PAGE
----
Anyone following the business news in recent weeks could have easily gotten the impression that (1) the U.S. has lost virtually all of its manufacturing capacity to China and (2) the making of high-tech products today is entirely dependent upon armies of workers turning out goods in conditions that border on slave labor. While there's more than a grain of truth in those two statements, they don't tell the whole story.
Creation Technologies LP is a contract manufacturer with roots in Western Canada. Twenty years ago, it was a C$1m start-up; today it has 11 business units in North America and China and annual revenues of more than C$500m. Note the presence of North America in that last sentence - in fact, all but one of Creation's plants are located there. (The 11th is in Changzhou, China.)
How has Creation managed to avoid the stampede to China? For one thing, it doesn't play in the same space as a mega-manufacturer like Foxconn. Creation's primary focus isn't on consumer products such as smartphones or tablet computers. Those devices lend themselves to endlessly repetitive tasks and fairly stable bills of materials. (Unless a certain chairman decides to switch out the screens on his popular line of smartphones at the last minute.)
Creation's sweet spot is making devices for medical, networking, telecommunications, transportation, defense and industrial controls. You won't find any of those products at the local Walmart. In addition, this Tier-2 provider has adopted a regional manufacturing model, with most customers located within a 50-mile radius of a Creation business unit. Currently the company has six facilities in the U.S. and four in Canada. Each is small by electronics industry standards, covering between 40,000 and 80,000 square feet and employing a workforce of around 350.
The advantage to this approach is that Creation can stay much closer to its customers on a day-to-day basis. The migration of so much North American plant capacity to China has left original equipment manufacturers without easy access to their Tier 1 providers, says David Longshore, general manager in Creation's Santa Clara, Calif. business unit. By contrast, the company's multiple locations in the U.S. has allowed it to provide customers with "a high touch-point," he says. Its not uncommon for a client's own personnel to be onsite at one of Creation's facilities from three to five days a week, collaborating on engineering details, new products and supply-chain strategies.
One instance where Creation's strategy paid off was the earthquake and tsunami that struck Japan in March of last year. Longshore says the company drew on its various units to come up quickly with a business continuity plan that reached all the way back to raw materials suppliers. It stayed in close communication with nearby customers the entire time. In the process, Creation was able to maintain a 100-percent on-time delivery record throughout the crisis. A similar situation arose with the flooding in Thailand during the second half of 2011.
One of Creation's regular customers is Stoke Inc., a provider of equipment to the mobile broadband data market. Longshore says Creation is involved in Stoke's engineering process "on the very front end." It helps the customer to determine which components should be used, how they should be assembled on the circuit board, and how a small change in design will affect the item's final price. Stoke, in turn, advises Creation on its sourcing strategy, letting it know if there's a supplier about which the manufacturer ought to be concerned.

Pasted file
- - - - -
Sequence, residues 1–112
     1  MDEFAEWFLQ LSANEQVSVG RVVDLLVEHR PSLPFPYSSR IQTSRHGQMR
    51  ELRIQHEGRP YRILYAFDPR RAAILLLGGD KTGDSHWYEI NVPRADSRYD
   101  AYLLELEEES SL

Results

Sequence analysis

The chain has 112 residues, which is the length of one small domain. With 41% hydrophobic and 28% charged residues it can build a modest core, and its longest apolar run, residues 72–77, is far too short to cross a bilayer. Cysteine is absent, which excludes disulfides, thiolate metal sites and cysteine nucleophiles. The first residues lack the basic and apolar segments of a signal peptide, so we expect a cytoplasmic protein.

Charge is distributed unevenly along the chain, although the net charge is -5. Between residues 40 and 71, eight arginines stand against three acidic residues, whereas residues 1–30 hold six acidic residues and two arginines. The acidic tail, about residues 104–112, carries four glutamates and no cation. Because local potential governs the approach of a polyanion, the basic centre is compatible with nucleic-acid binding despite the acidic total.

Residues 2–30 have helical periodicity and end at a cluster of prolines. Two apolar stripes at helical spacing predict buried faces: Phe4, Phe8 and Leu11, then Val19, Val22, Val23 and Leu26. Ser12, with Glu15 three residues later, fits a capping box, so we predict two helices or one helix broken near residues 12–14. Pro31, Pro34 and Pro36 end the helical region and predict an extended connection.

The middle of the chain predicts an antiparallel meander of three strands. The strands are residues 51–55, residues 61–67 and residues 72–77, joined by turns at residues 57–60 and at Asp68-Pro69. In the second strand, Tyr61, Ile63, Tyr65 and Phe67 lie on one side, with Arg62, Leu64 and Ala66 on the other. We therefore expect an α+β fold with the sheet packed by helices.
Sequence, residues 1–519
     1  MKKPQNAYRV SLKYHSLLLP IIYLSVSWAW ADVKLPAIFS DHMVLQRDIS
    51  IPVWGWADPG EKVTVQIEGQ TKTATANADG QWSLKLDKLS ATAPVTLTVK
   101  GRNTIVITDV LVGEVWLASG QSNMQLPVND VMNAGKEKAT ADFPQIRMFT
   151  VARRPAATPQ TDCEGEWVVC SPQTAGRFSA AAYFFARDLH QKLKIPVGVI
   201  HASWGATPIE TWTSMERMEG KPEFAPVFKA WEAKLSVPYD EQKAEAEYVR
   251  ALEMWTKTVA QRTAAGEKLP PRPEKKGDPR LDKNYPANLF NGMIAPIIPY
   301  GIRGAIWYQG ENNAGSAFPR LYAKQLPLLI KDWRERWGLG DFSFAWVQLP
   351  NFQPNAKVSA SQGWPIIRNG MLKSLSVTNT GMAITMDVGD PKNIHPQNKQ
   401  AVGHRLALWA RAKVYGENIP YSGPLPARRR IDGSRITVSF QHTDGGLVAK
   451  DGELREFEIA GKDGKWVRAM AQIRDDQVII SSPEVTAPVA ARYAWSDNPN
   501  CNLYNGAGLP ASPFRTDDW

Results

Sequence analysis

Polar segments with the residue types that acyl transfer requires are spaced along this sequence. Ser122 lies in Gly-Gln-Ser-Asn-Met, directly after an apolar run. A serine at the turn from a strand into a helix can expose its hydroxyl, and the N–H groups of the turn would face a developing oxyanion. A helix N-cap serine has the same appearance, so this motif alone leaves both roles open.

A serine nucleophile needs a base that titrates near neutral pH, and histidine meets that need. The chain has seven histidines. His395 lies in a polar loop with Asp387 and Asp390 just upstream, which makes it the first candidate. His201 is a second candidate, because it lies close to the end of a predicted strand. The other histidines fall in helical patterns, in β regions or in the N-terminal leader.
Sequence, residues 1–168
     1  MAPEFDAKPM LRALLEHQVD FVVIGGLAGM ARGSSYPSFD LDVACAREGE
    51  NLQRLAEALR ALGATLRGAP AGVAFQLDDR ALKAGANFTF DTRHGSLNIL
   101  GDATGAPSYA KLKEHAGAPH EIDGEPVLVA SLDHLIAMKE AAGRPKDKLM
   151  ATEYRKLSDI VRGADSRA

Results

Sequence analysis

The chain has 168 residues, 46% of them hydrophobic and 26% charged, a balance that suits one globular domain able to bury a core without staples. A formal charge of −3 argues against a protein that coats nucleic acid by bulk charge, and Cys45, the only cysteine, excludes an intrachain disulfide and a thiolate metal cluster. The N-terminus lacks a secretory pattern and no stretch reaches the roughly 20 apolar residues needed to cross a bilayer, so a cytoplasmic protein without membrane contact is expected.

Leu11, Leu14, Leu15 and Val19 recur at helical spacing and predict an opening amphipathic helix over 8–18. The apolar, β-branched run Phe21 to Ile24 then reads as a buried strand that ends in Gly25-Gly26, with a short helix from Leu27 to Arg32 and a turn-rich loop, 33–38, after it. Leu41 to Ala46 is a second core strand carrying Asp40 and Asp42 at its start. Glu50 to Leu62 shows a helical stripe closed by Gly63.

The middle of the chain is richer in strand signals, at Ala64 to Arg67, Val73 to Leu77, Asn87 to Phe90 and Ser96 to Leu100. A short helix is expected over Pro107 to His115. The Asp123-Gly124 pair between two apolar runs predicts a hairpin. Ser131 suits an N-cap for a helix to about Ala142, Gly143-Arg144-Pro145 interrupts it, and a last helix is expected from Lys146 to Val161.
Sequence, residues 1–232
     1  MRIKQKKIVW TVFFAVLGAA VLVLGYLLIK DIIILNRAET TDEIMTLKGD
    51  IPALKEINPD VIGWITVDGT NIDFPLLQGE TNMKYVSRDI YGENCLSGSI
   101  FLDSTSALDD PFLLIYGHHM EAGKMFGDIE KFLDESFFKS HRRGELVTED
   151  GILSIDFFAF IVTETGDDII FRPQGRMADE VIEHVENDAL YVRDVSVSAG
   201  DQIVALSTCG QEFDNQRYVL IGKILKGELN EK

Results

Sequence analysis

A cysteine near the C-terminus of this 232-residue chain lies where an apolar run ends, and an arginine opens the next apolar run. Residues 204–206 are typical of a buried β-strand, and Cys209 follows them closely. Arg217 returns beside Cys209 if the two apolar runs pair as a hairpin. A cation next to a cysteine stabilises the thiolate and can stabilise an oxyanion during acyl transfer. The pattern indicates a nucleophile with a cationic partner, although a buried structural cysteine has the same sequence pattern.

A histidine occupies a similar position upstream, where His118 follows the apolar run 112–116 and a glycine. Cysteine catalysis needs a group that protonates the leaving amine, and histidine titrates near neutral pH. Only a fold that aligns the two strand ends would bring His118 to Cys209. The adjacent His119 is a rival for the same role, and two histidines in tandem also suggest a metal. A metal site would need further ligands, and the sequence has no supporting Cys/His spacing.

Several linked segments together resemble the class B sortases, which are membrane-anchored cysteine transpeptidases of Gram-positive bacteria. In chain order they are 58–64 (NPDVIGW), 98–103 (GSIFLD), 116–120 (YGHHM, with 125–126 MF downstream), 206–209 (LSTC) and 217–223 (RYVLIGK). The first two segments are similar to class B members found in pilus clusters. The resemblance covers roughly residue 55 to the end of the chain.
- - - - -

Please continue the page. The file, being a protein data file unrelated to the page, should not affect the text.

As for the human element, Longshore says Creation's insistence on maintaining relatively small manufacturing plants avoids the drone-like environment that has become legendary at Foxconn and similar operations around the world. "If I have a facility with 10,000 employees," he says, "there's not a lot of intimacy between me and [them]. There isn't that camaraderie."
Nobody expects a high-tech plant to be a summer camp, but Longshore insists that Creation is a better place to work than its much larger counterparts. In a sense, the nature of the company's products makes it possible to take a more humane approach. Most of its highly complex units don't fit into the rigid processes that control the making of, say, an iPad. In Creation's world, the total cost of ownership is more important than base wage rates. The logistics of getting product to market must also be taken into account. "If you're driving two miles to a Creation facility, versus putting your leadership team on a plane, you realize that North America can be competitive," says Longshore.
Creation is anything but small - it claims to rank among the top 50 global and top 10 Northern American electronic manufacturing services providers - but it seems to know its limits. Longshore doesn't expect the company to venture into the cutthroat world of consumer products anytime soon. At the same time, it's not averse to expansion, having acquired more than half a dozen entities over the last five years. Recent market growth could result in yet another new business unit in Santa Clara; Creation already has two in Western Canada that are less than a mile apart.
Given the realities of global supply chains today, I'd be surprised to see a lot of manufacturers successfully duplicating Creation's model of producing mostly in North America. The company appears to have achieved the perfect marriage of corporate mission and market realities. Still, it does demonstrate that there's a place for manufacturing operations in North America that don't follow the crowd.
"We're going to stay true to our model," says Longshore. "We're not looking to have a campus with hundreds of thousands of square feet in China, and thousands of employees. Our culture isn't sustainable with that."
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